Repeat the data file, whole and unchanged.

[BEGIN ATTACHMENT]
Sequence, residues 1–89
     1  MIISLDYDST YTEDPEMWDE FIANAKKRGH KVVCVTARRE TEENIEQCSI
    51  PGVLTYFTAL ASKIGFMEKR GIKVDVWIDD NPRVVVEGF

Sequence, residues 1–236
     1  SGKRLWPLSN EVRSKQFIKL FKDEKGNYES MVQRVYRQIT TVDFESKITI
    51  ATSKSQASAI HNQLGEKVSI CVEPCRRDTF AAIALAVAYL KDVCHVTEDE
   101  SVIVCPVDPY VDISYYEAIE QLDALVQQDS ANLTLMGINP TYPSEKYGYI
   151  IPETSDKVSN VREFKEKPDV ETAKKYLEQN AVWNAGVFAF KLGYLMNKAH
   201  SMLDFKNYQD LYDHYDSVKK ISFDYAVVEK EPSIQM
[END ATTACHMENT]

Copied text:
Sequence, residues 1–89
     1  MIISLDYDST YTEDPEMWDE FIANAKKRGH KVVCVTARRE TEENIEQCSI
    51  PGVLTYFTAL ASKIGFMEKR GIKVDVWIDD NPRVVVEGF

Sequence, residues 1–236
     1  SGKRLWPLSN EVRSKQFIKL FKDEKGNYES MVQRVYRQIT TVDFESKITI
    51  ATSKSQASAI HNQLGEKVSI CVEPCRRDTF AAIALAVAYL KDVCHVTEDE
   101  SVIVCPVDPY VDISYYEAIE QLDALVQQDS ANLTLMGINP TYPSEKYGYI
   151  IPETSDKVSN VREFKEKPDV ETAKKYLEQN AVWNAGVFAF KLGYLMNKAH
   201  SMLDFKNYQD LYDHYDSVKK ISFDYAVVEK EPSIQM